Captivity Literature

Lorrayne Carroll

in The Oxford Handbook of Early American Literature

Published in print March 2008 | ISBN: 9780195187274
Published online September 2012 | | DOI:

Series: Oxford Handbooks of Literature

 Captivity Literature

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  • Literature
  • Literary Studies (1500 to 1800)
  • Literary Studies (Fiction, Novelists, and Prose Writers)


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The essence of this article is captivity literature. In a few pages, the article captures the fascinating genre. Captivity narratives present examples of several literary genres familiar to early American readers. This intriguing canon serves as a capacious window into early American life. This article traces incidents, which led to the emergence of captivity literature. As the processes of colonization, settlement, and displacement continued in early America, captivities became more common. Although never a routine experience, enough colonists were taken captive and enough of their stories were published that captivity texts emerged as a recognizable genre. They have become key documents in studies of early American history and culture. Captivity texts reveal some of the complex negotiations between the dominant discourses of powerful European forces, such as the colonial governments and religious institutions. A True History of the Captivity and Restoration of Mrs. Mary Rowlandson is a seminal text in this genre.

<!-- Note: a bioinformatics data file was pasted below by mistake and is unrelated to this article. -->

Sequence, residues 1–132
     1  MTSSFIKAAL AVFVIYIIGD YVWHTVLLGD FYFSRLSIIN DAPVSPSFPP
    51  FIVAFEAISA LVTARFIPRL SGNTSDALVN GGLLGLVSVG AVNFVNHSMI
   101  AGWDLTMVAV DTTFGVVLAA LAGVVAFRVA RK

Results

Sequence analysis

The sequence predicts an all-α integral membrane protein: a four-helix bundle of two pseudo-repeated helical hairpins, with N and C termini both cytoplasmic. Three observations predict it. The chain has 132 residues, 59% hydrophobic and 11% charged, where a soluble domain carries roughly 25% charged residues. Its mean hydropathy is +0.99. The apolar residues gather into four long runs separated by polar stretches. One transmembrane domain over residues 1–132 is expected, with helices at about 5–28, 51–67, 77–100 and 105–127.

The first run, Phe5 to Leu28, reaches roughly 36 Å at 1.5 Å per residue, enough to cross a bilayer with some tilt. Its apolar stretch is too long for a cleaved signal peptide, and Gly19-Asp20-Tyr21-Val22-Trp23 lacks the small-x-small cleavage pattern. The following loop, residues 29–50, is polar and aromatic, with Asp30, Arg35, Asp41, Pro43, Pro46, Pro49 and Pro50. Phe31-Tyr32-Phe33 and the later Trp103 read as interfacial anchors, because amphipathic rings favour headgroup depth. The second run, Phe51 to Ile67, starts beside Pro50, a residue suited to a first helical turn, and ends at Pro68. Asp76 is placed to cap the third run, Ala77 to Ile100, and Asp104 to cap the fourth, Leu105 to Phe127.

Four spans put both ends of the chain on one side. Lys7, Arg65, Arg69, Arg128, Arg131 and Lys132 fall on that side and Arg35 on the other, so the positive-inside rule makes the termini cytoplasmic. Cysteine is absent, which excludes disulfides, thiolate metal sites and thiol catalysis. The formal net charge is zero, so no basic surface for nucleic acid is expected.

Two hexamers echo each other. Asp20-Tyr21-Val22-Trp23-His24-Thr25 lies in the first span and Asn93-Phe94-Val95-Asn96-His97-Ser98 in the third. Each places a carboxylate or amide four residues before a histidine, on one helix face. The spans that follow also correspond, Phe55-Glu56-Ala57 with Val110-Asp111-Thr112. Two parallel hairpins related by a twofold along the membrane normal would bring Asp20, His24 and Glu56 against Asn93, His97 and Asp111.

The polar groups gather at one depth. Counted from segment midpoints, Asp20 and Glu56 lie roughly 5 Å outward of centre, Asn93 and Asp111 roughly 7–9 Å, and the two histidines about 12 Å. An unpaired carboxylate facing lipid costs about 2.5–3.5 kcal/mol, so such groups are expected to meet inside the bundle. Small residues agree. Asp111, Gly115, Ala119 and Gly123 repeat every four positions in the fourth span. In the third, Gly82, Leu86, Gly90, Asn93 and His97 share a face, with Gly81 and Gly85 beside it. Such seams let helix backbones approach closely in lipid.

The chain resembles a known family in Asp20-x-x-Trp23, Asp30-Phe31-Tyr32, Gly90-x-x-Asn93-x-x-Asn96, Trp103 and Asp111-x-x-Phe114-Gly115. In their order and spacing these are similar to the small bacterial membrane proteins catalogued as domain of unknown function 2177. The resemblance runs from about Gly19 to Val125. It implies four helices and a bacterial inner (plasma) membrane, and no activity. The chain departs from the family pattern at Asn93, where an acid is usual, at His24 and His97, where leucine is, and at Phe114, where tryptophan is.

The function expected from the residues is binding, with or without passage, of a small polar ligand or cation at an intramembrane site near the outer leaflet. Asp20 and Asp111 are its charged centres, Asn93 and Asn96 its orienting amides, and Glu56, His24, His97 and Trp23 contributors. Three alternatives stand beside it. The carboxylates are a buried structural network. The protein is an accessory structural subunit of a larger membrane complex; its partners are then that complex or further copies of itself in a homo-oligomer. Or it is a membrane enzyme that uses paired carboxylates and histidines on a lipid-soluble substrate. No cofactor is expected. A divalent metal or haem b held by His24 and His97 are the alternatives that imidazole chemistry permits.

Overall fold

Keywords: literature; captivity literature; narratives; colonization; captivity texts; early American life

Article.  11923 words. 

Subjects: Literature ; Literary Studies (1500 to 1800) ; Literary Studies (Fiction, Novelists, and Prose Writers)

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